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A View of the World Trade Center Site from the Hudson River.
The Plan for Lower Manhattan > World Trade Center Site > Memorial & Museum > Memorial Center Draft Recommendations
Memorial Center Advisory Committee Recommendations
In January 2004, LMDC unveiled the winning World Trade Center Site Memorial design, Reflecting Absence, by Michael Arad and Peter Walker. LMDC and Studio Daniel Libeskind, working in collaboration with the memorial design team of Michael Arad and Peter Walker, established a new location for a below grade Memorial Center dedicated to the events of September 11, 2001, and February 26, 1993 at the southwest corner of the memorial site.
In April 2004, LMDC announced the formation of a Memorial Center Advisory Committee to make recommendations for the Memorial Center. The Advisory Committee- victims' family members, residents, survivors, first responders, historians, preservationists, and curators-visited the WTC memorial site and Hangar 17 at JFK Airport, where many artifacts from the World Trade Center are being stored, and met with professionals to learn from their experience in creating exhibitions. The Advisory Committee also reviewed an expansive list of archives and resources relating to the attacks. Through a series of facilitated meetings, the Advisory Committee first produced a set of Draft Recommendations for the Memorial Center. These recommendations were released for public comment on June 2, 2004.
During the public comment period, the Draft Recommendations were available for download on the LMDC website along with a comment form that could be completed on-line or downloaded and mailed to LMDC. The LMDC sent the Draft Recommendations and comment form to over 5,000 family members and performed additional email outreach to available family databases. In addition, the LMDC presented the Draft Recommendations to the LMDC Families Advisory Council, which consists of representatives from several family organizations that actively work to include their respective constituencies in the public process. Draft Recommendations and comment forms were also sent to local elected officials, area community organizations, and other established outreach partners to disseminate throughout the area. Public comment was accepted through July 1, 2004.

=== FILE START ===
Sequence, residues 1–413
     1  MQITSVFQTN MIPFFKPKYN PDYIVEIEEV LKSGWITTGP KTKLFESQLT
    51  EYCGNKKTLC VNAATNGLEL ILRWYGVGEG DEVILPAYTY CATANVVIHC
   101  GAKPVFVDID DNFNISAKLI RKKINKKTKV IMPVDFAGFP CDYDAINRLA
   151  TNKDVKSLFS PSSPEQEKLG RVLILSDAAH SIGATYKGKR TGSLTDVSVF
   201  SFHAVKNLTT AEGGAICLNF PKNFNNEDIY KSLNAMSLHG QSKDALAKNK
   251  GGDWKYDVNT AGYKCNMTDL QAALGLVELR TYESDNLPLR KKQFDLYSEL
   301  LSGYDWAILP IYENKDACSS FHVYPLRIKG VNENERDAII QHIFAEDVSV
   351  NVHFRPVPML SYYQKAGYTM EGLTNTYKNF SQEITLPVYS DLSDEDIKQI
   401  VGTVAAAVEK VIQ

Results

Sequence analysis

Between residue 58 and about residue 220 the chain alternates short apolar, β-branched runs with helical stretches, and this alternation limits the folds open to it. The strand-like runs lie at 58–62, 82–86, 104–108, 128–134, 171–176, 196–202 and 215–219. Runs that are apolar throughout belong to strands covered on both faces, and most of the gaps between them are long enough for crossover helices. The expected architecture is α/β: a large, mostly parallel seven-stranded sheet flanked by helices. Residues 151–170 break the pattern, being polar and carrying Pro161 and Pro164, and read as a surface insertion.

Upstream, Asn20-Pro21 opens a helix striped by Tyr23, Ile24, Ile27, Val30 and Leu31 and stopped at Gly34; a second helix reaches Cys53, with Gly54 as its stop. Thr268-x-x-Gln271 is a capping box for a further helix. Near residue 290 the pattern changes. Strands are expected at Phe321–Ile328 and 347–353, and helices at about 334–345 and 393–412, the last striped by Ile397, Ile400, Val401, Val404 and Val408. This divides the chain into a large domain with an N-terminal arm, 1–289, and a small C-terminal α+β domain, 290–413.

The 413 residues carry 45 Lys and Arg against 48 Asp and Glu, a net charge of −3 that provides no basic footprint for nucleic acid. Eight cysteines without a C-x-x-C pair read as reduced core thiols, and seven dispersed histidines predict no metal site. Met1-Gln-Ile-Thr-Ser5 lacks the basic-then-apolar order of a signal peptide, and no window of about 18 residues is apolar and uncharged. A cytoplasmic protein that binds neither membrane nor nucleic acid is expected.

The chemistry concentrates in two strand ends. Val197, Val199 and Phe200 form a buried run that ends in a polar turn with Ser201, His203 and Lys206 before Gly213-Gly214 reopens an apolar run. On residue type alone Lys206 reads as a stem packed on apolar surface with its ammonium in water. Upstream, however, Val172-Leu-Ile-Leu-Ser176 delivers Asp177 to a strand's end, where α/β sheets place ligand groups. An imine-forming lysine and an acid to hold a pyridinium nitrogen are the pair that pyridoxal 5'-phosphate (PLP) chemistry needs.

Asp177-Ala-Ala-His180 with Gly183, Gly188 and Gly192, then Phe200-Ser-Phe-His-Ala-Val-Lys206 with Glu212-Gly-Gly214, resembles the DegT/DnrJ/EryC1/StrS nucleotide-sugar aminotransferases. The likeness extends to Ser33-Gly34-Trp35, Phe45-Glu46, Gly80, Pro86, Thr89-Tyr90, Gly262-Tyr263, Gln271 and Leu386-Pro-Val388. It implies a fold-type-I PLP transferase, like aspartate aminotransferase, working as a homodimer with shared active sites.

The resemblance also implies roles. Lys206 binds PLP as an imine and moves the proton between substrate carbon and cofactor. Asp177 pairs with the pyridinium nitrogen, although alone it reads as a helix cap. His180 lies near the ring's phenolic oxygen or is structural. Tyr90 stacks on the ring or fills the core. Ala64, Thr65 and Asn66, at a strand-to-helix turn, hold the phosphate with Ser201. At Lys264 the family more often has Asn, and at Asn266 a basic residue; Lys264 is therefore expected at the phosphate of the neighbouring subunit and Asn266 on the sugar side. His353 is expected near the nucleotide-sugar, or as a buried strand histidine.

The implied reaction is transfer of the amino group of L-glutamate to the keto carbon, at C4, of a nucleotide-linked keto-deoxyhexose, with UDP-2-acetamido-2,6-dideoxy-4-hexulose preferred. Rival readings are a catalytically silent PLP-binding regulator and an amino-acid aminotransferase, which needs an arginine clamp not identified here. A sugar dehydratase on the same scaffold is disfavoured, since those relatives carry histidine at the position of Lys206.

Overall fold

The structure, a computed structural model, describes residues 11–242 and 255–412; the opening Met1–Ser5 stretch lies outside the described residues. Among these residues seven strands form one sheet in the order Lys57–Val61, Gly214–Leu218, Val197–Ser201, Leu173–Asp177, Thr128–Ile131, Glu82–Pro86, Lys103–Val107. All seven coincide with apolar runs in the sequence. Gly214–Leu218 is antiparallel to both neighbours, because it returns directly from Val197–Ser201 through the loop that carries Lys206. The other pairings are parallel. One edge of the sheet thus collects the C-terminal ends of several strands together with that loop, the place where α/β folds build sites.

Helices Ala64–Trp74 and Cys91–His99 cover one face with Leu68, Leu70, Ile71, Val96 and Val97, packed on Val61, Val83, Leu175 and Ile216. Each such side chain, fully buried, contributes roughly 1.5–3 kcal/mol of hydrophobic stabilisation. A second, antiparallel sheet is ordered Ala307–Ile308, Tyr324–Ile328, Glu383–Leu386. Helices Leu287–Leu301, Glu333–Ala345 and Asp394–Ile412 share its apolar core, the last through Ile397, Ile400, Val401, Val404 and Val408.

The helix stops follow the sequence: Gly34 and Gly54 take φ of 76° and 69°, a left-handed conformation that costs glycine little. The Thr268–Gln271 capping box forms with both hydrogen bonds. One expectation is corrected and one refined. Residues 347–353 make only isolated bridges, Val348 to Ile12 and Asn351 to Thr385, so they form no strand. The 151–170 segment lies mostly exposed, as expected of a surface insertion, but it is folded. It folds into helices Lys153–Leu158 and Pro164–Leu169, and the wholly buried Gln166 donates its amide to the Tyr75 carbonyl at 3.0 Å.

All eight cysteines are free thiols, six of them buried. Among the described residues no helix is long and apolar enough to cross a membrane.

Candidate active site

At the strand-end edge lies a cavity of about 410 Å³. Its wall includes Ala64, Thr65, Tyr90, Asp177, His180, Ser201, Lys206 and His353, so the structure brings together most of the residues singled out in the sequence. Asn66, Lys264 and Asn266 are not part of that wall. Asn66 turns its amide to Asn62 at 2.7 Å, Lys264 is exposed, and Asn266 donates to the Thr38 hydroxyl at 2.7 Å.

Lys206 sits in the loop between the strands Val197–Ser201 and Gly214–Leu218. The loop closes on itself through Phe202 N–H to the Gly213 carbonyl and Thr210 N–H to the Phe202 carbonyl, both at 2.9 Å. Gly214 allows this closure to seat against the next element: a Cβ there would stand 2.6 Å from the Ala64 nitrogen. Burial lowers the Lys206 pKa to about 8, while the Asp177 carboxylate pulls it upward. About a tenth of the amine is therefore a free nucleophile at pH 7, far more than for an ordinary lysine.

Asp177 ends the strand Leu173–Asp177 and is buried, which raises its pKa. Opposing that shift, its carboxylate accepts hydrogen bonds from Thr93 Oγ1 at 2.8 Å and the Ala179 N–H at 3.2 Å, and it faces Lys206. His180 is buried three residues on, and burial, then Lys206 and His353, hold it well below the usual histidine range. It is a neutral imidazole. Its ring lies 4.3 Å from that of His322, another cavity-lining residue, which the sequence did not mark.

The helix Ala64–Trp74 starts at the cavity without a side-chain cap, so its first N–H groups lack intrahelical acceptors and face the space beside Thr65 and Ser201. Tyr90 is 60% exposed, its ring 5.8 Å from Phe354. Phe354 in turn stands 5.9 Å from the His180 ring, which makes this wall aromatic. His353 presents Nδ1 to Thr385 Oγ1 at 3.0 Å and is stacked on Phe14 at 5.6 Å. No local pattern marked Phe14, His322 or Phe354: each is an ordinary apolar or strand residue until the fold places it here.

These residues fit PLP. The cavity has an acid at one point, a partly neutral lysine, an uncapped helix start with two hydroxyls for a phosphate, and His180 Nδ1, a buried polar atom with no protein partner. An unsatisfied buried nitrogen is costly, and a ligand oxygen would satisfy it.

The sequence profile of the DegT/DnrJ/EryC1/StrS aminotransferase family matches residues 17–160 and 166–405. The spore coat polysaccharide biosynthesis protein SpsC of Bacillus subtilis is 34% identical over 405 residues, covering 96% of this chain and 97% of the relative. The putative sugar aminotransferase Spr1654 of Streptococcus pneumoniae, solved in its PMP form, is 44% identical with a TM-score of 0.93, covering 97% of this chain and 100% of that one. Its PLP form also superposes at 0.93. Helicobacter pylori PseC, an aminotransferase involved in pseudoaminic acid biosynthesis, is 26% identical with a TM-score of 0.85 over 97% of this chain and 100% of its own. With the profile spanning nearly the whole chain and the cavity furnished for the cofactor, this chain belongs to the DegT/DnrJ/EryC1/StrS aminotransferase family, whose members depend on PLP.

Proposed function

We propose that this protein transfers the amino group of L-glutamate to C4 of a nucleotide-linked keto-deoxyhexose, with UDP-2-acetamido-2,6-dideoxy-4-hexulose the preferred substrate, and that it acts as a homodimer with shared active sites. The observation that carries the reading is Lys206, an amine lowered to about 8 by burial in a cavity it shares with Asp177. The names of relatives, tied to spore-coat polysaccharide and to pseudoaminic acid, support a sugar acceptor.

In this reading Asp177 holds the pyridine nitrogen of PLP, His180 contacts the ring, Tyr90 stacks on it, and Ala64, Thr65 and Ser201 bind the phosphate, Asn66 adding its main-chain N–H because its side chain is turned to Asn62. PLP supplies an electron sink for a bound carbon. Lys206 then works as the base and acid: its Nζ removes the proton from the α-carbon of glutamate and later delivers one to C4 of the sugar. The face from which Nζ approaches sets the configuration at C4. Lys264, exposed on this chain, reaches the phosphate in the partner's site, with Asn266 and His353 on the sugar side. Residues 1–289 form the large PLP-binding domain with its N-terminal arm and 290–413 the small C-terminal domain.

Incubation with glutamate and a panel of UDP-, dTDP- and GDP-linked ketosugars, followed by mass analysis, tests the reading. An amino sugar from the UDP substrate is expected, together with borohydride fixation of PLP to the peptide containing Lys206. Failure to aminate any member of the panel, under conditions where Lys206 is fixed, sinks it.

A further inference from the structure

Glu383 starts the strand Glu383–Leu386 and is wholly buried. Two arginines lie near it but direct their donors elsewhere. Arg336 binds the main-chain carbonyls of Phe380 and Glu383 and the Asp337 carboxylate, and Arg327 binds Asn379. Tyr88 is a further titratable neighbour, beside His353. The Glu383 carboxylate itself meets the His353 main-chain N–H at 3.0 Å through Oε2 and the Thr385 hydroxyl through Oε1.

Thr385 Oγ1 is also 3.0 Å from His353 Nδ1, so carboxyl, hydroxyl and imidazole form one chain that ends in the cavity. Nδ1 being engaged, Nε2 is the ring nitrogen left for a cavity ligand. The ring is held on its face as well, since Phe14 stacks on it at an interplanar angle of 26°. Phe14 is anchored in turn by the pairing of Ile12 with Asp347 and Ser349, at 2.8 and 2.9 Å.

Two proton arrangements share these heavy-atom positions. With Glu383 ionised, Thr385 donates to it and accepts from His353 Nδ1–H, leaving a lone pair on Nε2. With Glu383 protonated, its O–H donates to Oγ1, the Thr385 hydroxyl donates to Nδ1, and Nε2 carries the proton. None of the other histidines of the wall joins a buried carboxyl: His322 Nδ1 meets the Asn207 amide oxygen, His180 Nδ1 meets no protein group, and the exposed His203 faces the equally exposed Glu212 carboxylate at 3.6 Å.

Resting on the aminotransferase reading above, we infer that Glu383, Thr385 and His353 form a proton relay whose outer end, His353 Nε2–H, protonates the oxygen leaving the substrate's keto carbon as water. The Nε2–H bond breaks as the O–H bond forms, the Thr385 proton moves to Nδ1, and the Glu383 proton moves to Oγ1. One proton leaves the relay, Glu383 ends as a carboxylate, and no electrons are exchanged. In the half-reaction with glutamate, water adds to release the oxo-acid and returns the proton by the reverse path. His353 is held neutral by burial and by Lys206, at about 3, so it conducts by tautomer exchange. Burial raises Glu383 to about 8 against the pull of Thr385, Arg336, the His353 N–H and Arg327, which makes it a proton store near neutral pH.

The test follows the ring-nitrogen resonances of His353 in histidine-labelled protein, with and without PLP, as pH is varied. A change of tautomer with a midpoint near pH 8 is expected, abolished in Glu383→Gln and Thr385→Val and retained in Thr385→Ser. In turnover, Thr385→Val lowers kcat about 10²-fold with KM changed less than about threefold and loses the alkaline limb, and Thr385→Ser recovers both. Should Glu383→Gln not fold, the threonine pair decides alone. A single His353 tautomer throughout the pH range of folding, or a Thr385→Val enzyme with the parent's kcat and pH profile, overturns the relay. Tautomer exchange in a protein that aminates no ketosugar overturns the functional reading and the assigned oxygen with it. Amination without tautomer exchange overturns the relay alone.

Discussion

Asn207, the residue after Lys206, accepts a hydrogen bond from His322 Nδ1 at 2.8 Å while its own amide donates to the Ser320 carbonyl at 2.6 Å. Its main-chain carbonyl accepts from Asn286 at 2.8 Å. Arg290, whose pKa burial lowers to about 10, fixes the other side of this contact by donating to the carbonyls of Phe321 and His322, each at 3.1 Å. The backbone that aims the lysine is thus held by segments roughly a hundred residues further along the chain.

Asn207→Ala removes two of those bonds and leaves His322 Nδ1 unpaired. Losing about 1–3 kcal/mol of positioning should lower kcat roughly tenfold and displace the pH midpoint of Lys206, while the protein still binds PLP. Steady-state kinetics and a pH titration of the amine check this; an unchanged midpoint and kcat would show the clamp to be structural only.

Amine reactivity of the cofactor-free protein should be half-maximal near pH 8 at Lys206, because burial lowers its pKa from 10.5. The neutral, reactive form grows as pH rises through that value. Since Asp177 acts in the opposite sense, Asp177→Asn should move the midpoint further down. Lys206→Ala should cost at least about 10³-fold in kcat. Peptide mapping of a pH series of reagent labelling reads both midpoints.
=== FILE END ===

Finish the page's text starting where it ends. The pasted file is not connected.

By July 1, 2004, when the public comment period on the Draft Recommendations ended, the LMDC had received submissions from over 400 individuals constituting a total of 1,070 comments (many individuals commented on several topics-these were counted as separate comments). LMDC then prepared a Summary Report describing this response and analyzing its substance.
On July 20, 2004, the Memorial Center Advisory Committee convened to discuss the public comment on the Draft Recommendations and consider areas where a review, clarification or revision to the Draft Recommendations might be necessary. Each member had received copies of the Summary Report on the public comment via email prior to the meeting, and copies were again available at the meeting along with the full text of all 1,070 comments. Committee members were moved by the public's response and thoughtfulness, noting that many comments echoed some of the committee's own. The committee concurred with the Summary Report's analysis that a great majority of the public comment was supportive of or encompassed by the ideas and values expressed in the Draft Recommendations, and therefore made no major changes to the document. With respect to comments opposed to including a factual presentation of the terrorists, no changes to the document were made, as the committee felt that these comments were relatively few (2.4%). With respect to comments stating that the stories of the victims should be the top priority or centerpiece, no changes were made to the document, as the committee felt that these comments were relatively few (2.9%), and that victims' stories would be prominent in the recommended centerpiece exhibit about the events and impact of the day. The changes that were made reflect the committee's consideration of the following as a result of the response by the public:
These changes were reviewed and accepted by the LMDC Board Memorial Working Group.
The final Recommendations for the Memorial Center, along with the complete record of the public comment, will serve as a resource for the interpretive experts (curators, public historians, exhibit designers, and others) hired to develop the Memorial Center's program in the coming months.